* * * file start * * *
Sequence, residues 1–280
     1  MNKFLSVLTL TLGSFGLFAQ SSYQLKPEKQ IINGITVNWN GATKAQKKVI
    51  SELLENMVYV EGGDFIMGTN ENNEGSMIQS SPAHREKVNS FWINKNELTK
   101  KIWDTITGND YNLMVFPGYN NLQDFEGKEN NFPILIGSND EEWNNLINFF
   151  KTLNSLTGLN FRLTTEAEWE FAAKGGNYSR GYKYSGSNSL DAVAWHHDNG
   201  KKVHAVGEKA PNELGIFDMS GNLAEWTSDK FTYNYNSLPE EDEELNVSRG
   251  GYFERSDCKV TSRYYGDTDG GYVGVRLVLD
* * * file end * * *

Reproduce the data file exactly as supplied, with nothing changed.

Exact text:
Sequence, residues 1–280
     1  MNKFLSVLTL TLGSFGLFAQ SSYQLKPEKQ IINGITVNWN GATKAQKKVI
    51  SELLENMVYV EGGDFIMGTN ENNEGSMIQS SPAHREKVNS FWINKNELTK
   101  KIWDTITGND YNLMVFPGYN NLQDFEGKEN NFPILIGSND EEWNNLINFF
   151  KTLNSLTGLN FRLTTEAEWE FAAKGGNYSR GYKYSGSNSL DAVAWHHDNG
   201  KKVHAVGEKA PNELGIFDMS GNLAEWTSDK FTYNYNSLPE EDEELNVSRG
   251  GYFERSDCKV TSRYYGDTDG GYVGVRLVLD